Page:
About Edna's Death Cafe
As in life, death is not without its agenda. This is something seventy-nine year old Edna Reid finds out when her partner, Ted, suddenly dies.
To cope with her loss, she sets up a Death Cafe to break down the taboo around death and to encourage other members of the community to discuss it openly. Over tea and cake, the participants hide their fears behind a veil of dark humour.
Religious fanaticism clashes with Victorian spiritualism as Edna’s meetings trigger lively conversations on the fragility of life, anxiety over dying, cost of funerals, and making sure long-lost greedy relatives don’t benefit from inheritances.
Soon, a series of events begin to unfold which threaten to undermine Edna’s livelihood and the Death Cafe meetings. These events just happen to coincide with the arrival of a mysterious stranger into the village.
Who is she and why is she so hostile to Edna?
My review of Edna's Death Cafe
Edna's Death Cafe is a book full of honesty, poignancy, beautiful writing and lashings of dark humour. I loved reading this book. Set in a sleepy village in the very heart of the Peak District, Ms Boden has managed to write a book about death and dying that is enlightening, funny and at times, sad. It's an entertaining, yet thought provoking read.
I'll be honest and say that I had never heard of a death cafe until I picked up this book. The title alone intrigued me and made me want to find out more. Death cafes are now becoming increasingly popular, and allow people to openly discuss death and dying while in a friendly cafe environment. I love this idea, and so does Edna, who starts her own following the death of her partner, Ted. By day, Edna runs the Happy Oatcake, no mean feat at seventy-nine, and then once a week she hosts her Death Cafe.
Edna is at the heart of this story. A sprightly elderly woman who is educated and who sees the absolute best in people. I loved her dearly. Although she sets up the death cafe to allow members of the small community to express their feelings and thoughts about death, ultimately it allows her to confront her own feelings, and gives her an outlet in which to talk about what is happening in her life. It's such a small village that everyone knows everyone else's business, and we constantly see Edna standing at her cafe door, watching the coming and going of the inhabitants in the nearby cottages.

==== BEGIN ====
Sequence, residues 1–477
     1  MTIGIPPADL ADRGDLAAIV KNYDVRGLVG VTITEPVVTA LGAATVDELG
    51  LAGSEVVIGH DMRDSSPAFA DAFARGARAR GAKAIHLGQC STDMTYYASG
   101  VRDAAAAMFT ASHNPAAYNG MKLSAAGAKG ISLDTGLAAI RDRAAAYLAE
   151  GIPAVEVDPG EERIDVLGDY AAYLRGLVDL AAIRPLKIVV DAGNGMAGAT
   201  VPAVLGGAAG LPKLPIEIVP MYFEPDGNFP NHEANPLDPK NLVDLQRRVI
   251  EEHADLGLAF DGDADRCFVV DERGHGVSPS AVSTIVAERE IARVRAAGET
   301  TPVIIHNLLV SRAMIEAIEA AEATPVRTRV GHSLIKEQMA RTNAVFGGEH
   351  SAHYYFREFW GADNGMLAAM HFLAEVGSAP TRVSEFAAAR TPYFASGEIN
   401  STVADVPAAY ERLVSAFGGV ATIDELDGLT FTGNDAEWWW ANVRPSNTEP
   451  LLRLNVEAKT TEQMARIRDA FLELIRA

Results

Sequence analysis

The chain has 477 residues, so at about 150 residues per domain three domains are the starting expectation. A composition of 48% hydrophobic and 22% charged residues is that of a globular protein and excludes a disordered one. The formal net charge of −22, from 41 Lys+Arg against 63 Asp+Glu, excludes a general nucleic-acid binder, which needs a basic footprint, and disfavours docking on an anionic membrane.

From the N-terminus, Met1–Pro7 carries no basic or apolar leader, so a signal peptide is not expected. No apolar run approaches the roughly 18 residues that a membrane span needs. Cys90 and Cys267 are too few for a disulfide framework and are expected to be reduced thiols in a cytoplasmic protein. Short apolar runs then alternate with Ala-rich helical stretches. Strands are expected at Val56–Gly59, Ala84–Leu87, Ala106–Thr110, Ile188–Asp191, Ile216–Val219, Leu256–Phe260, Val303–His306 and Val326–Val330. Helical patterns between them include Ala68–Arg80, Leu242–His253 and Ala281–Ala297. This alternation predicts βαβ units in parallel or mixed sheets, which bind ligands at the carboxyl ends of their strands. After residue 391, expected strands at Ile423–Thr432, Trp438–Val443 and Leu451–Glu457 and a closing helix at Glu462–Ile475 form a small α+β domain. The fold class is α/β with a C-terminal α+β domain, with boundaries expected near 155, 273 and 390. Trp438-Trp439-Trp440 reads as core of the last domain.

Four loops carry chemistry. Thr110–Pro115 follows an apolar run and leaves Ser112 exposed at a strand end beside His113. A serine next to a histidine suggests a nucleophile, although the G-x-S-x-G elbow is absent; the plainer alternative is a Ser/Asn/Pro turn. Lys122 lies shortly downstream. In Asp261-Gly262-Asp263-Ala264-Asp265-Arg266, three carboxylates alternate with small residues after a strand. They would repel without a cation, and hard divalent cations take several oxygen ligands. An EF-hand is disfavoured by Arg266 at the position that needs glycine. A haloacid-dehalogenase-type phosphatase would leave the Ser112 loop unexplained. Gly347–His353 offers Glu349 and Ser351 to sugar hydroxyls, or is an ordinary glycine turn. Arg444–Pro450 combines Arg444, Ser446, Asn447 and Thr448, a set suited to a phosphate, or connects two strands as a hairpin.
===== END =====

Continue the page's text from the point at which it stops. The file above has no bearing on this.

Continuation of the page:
This is a book laced with dark humour and it made me laugh I loved all of the wonderful characters. Ruth the religious fanatic, who I felt great empathy towards. Manny, Edna's long term friend who I would love as my friend, and Martine, the mysterious new villager from Canada. All of the villagers have their own unique stories to tell.
The novel weaves together stories of loss, while exploring fears about dying. What is so magical about this book, is that it made me question my own mortality. Made me think about the future. It also highlights that we should be able to talk about death in an open and frank way, that it needn't be a taboo. Edna shows us that. She's a remarkable lady. It's a remarkable book.
With thanks to the publisher and NetGalley for the Advanced Reader Copy.
Edna's Death Cafe was published on 3 September by Matador.